Map of overall water risk measures all water-related risks, by aggregating all selected indicators from the Physical Quantity, Quality and Regulatory & Reputational Risk categories. Higher values indicate higher water risk.
Overall water risk measures all water-related risks, by aggregating all selected indicators from the Physical Quantity, Quality and Regulatory & Reputational Risk categories. Higher values indicate higher water risk. Source: WRI Aqueduct 2019

Assessing Water-Related Risk as a Foundation for Stewardship

Where should a company start to address water risk? A water risk assessment is a critical step to identify water risk exposure and set a foundation for framing water-related goals, organizing a response to mitigate risks, and addressing shared water challenges in the places that matter most across their value chain.

By Pranesh Selvendiran, Senior Environmental Engineer (Ann Arbor, MI) and Laura Weintraub, Vice President (Ann Arbor, MI)

December 14, 2022

Water is a critical resource for every business. Companies face water-related risks driven by various factors, including competition for water, pollution, regulation, and climate change. Where should a company start to address water risk? A water risk assessment is a critical step to identify water risk exposure and set a foundation for framing water-related goals, organizing a response to mitigate risks, and addressing shared water challenges in the places that matter most across their value chain.

One vehicle for companies to navigate water-related risk is through the implementation of the Alliance for Water Stewardship (AWS) Standard. The AWS Standard is a robust, internationally recognized framework and certification for organizations to demonstrate a commitment to water stewardship. During Step 1 of AWS Standard implementation, sites conduct an exercise to identify and prioritize water-related risk (see Indicator 1.7) and also gain a broader understanding of shard water challenges in the local catchment (see Indicator 1.6). This process helps inform the development of the site’s water stewardship plan. Through the development of a water stewardship plan, a site sets targets and implements responsible practices that mitigate water risks and address shared water challenges.

The AWS Standard is a voluntary, five-step continual improvement framework. Water users commit to understand, plan, implement, evaluate and communicate water stewardship actions within their site and watershed. Image Credit: The Alliance for Water Stewardship.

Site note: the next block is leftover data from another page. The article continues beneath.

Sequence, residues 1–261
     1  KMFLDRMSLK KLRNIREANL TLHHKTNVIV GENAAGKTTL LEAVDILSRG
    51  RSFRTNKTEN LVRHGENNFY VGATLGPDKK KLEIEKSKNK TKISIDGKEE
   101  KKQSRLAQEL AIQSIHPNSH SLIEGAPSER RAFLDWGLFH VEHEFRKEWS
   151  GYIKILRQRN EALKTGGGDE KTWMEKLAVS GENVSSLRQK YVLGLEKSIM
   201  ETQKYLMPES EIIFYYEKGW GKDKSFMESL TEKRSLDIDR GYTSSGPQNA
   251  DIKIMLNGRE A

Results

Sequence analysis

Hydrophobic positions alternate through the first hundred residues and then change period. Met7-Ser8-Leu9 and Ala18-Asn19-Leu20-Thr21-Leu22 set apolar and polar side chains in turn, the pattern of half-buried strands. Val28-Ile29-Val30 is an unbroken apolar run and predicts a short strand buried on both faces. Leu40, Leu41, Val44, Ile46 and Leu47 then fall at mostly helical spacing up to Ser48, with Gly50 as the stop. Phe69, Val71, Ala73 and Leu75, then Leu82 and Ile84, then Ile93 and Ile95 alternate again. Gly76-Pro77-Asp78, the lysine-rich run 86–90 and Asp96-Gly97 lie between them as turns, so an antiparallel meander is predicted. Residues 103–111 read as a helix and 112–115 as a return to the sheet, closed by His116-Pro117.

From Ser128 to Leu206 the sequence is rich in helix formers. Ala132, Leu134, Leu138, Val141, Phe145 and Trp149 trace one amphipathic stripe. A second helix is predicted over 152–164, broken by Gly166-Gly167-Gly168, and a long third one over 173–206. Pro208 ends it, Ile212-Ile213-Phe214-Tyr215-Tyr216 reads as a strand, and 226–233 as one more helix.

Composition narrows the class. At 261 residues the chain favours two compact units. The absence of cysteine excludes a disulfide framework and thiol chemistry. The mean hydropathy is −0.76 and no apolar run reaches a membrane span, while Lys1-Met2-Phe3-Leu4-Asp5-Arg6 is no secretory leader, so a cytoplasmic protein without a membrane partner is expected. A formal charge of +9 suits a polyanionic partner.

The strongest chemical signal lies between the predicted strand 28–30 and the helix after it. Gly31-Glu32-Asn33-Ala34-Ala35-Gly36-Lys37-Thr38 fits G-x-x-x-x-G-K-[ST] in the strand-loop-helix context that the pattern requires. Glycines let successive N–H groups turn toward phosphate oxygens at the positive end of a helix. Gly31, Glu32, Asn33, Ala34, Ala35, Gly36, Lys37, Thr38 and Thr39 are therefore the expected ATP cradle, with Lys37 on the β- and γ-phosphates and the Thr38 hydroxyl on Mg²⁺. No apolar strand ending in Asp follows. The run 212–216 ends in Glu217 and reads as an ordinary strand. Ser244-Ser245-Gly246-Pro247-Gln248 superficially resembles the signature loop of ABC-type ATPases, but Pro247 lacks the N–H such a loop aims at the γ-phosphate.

Businesses can face water-related risks across three categories: physical (water quantity and quality), regulatory (laws), and reputational (public perception of a brand). Any of these risks can lead to financial risk. Water supply or supply chain disruptions can result in lost revenue. Higher operating costs will be incurred if the cost of water supply, water treatment, or energy production increases. There are also potential costs related to permitting, compliance, fines, litigation, or insurance. Finally, there are costs if there is damage related to the public perception of a brand.

Businesses can face water-related risks across three categories: physical (water quantity and quality), regulatory (laws), and reputational (public perception of a brand). Any of these risks can lead to financial risk.

Water stewardship is a continuous journey that requires businesses to move beyond internal water management and commit to the sustainable management of shared water resources through collective action and partnership with other businesses, NGOs, and communities. While each organization has a unique path and its own water stewardship journey, a common set of elements play an important role and are woven together to develop a holistic water stewardship strategy. At LimnoTech, we recommend that our clients first understand site water risks, shared water challenges, water stakeholders, and ongoing initiatives at each location or site of interest.